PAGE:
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Mysterious Hepatitis cases now in five Kentucky counties

Hepatitis B Vaccination
Posted at 9:29 AM, Jun 09, 2022
and last updated 2022-06-09 18:17:49-04

Six cases of a mysterious form of Hepatitis have been confirmed in Kentucky.

The cases—all of which were found in children four or younger—have been reported in Bourbon, Jefferson, Lyon, Meade, and Todd counties.

Kentucky's Public Health Commissioner, Dr. Steven Stack, explained that this specific type of hepatitis is affecting young kids.

"It's important to note that this is predominantly being found in younger children," said Stack. "And the current definition of children impacted by this are children under 10."

According to the World Health Organization, 650 probable cases have been reported in 33 countries. The group also reports that nine kids have died and at least 38 have needed a liver transplant.

"Sometimes, children require liver transplants because the disease becomes so severe. But, thankfully, in Kentucky, none of these individuals - none of these six children - have required a transplant," said Stack.

The cause of this mysterious form of hepatitis is unknown. Dr. Stack said there's no link to other common causes of viral hepatitis.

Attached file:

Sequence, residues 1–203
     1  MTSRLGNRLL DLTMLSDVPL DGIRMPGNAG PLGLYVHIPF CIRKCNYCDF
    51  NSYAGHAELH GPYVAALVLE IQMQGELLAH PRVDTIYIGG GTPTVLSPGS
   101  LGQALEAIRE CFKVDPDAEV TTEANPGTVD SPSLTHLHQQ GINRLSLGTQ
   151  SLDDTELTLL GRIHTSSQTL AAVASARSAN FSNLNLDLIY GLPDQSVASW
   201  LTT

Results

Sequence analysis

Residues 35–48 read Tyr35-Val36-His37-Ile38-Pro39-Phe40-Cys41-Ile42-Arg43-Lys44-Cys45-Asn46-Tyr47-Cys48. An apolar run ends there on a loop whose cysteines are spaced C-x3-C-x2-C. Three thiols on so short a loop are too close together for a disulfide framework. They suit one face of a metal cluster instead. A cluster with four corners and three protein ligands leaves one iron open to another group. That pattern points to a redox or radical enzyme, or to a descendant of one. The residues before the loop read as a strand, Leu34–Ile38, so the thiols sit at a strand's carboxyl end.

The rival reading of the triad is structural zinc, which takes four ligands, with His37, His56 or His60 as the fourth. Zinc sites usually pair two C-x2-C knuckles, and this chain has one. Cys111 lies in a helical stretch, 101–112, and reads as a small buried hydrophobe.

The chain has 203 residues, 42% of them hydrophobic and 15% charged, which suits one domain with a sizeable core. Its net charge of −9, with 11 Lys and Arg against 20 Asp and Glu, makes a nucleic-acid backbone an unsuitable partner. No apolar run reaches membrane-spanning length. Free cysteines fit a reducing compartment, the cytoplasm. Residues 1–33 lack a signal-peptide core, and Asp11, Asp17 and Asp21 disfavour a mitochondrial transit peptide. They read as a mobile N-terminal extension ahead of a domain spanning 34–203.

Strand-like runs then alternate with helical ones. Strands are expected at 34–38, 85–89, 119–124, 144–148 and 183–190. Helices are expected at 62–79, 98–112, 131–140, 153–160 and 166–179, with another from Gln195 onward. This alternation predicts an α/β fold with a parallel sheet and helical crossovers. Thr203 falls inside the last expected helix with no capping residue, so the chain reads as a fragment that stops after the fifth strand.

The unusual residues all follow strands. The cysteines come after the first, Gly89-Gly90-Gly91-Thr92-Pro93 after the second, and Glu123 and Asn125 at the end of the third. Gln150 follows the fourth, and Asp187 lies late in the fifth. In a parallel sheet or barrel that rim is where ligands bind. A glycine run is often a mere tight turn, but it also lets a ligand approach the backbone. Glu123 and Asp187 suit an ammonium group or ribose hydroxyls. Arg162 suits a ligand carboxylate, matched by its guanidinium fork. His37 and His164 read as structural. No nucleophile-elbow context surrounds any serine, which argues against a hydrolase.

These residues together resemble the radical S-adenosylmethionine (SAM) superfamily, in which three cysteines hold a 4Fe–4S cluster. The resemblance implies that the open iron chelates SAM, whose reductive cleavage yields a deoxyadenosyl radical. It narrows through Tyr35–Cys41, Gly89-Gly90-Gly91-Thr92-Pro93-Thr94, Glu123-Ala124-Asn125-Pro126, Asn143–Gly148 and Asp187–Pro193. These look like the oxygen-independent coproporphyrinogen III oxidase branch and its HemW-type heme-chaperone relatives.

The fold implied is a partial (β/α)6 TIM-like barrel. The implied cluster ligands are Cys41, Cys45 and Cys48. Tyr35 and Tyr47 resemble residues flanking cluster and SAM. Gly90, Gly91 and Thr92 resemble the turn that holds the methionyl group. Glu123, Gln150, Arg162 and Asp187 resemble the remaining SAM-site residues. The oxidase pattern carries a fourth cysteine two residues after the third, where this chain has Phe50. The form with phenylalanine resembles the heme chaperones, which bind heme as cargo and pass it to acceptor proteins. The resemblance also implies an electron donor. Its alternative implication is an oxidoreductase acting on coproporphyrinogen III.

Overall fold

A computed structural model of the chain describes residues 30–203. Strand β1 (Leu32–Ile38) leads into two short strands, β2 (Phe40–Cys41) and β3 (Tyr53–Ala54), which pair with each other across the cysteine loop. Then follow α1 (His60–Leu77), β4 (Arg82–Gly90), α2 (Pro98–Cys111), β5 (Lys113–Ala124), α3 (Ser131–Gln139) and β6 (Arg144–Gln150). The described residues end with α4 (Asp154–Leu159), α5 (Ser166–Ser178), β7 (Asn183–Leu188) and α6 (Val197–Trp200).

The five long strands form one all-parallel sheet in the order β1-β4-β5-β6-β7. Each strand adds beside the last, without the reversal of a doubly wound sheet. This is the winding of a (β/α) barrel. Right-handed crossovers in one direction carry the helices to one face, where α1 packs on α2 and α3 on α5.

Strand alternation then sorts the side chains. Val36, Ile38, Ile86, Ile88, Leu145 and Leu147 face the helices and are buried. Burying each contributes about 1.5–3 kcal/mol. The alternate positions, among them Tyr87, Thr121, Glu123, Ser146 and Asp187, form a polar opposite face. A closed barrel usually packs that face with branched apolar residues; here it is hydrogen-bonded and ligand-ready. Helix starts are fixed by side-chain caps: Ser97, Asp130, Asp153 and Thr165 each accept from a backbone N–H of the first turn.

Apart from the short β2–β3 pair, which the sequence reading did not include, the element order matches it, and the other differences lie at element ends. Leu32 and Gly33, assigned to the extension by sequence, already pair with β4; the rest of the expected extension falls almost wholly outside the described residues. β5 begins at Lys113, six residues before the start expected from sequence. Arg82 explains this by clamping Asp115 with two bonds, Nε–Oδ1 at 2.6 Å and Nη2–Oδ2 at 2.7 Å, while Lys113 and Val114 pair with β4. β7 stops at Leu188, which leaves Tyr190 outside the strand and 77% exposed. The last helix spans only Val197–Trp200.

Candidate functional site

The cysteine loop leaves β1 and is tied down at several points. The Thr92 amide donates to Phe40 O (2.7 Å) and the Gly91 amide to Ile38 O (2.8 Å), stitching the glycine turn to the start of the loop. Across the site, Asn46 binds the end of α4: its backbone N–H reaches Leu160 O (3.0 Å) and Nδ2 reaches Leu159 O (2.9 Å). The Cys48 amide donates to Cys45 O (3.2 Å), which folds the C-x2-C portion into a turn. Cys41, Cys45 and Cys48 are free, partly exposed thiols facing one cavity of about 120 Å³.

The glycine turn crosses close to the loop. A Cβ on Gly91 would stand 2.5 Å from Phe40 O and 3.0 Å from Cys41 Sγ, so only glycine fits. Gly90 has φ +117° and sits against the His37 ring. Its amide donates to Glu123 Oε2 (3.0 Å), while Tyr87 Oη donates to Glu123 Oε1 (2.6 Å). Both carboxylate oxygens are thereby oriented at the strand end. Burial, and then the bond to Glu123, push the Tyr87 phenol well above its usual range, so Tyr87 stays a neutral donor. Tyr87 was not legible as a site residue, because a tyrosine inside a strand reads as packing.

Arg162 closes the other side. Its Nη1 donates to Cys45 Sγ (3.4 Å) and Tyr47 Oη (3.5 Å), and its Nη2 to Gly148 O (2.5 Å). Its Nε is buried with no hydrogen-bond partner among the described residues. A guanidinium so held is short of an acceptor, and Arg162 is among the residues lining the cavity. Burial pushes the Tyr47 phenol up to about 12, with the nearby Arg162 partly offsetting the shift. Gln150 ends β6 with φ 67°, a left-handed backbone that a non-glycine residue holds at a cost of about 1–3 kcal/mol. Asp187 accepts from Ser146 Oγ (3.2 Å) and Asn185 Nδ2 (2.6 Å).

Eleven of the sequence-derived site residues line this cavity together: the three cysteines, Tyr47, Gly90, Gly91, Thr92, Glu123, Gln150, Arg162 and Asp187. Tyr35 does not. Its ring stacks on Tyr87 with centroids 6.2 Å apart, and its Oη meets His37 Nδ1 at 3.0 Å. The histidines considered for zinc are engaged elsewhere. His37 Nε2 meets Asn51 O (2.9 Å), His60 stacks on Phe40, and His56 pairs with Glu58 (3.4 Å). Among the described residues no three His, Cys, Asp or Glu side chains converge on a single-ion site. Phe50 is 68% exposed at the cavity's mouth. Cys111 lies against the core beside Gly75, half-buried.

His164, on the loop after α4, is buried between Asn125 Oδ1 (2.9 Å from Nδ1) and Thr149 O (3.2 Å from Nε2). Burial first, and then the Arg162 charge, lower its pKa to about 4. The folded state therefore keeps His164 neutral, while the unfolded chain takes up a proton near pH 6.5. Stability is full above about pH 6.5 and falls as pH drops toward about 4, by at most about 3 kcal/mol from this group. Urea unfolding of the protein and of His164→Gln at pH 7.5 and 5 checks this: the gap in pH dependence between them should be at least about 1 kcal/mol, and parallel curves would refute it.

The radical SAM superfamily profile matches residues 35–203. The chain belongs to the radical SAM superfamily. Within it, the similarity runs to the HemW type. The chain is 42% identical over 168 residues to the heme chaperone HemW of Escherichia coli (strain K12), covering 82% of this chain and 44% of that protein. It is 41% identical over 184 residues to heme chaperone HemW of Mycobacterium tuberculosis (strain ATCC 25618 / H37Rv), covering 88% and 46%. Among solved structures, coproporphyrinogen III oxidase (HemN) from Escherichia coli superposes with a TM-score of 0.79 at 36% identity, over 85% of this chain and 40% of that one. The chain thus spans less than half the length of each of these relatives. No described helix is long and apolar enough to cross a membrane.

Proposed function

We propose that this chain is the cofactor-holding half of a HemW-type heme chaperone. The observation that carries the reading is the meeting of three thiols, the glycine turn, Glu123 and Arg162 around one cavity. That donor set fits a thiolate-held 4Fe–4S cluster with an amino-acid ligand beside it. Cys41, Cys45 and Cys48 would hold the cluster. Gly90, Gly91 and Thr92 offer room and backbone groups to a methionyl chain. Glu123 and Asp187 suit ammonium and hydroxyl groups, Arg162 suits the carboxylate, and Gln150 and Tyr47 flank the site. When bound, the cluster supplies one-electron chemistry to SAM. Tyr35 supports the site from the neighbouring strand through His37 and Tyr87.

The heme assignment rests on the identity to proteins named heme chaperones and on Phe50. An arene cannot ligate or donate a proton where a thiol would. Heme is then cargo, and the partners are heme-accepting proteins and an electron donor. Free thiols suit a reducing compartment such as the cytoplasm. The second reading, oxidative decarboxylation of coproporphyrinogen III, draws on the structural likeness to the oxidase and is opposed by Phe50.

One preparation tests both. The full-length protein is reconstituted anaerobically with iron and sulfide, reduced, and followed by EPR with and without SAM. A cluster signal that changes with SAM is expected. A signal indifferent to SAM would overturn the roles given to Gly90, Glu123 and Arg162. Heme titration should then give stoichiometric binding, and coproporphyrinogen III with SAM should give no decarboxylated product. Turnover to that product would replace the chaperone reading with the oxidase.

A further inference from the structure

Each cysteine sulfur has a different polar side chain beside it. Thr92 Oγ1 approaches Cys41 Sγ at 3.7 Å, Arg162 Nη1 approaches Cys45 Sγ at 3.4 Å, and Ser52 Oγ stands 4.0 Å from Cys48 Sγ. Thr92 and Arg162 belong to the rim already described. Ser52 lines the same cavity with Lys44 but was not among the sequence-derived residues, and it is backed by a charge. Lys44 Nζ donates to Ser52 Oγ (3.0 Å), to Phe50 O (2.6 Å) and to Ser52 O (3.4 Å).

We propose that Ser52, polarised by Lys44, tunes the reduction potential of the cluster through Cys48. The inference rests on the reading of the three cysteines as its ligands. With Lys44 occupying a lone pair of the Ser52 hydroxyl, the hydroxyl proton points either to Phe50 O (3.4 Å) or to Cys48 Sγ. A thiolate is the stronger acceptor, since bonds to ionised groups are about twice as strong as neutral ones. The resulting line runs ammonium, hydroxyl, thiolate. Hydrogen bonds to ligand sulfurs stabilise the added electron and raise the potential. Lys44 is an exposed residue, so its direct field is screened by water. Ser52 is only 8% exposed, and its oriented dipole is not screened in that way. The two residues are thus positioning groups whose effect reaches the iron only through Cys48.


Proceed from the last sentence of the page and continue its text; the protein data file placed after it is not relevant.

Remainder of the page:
He emphasized that there's also no relation to COVID-19 or the COVID-19 vaccinations.

"In many of these children, they're under the age where they would have been eligible to receive a COVID-19 vaccine," said Stack.

Stack said there is a possible link to adenovirus type 41, which is the stuff that causes common colds.

"These viruses are not typically known to cause liver inflammation in healthy children," said Stack. "And all of these children, so far, who have had this inflammation of unknown origin are children who have been previously healthy."

Stack points out that it's not yet clear "whether there's been an increase in the overall number of children who are getting hepatitis."

"It's not unusual for some causes of hepatitis in children to remain unknown," said Stack.

So, Stack says there's no reason for panic. But he wants parents to be aware of the situation.

"For parents right now, the important thing is to constantly educate and train children to wash your hands, cover your cough, make sure they're vaccinated for all preventable diseases through the pediatrician's office or the health department," said Stack. "And to just pay careful attention to their child."

"If they have a minor illness, you don't need to go run to the doctor," added Stack. "But if they look like they have these symptoms - their eyes are turning yellow, their skin is turning yellow - or they just appear uncommonly sick, something more than a common virus - then they should go see their pediatrician."

Symptoms to look out for include:

  • Jaundiced skin and eyes (yellowing of skin and eyes)
  • Fever
  • Dark urine
  • Light-colored stool
  • Fatigue
  • Loss of appetite
  • Abdominal pain
  • Vomit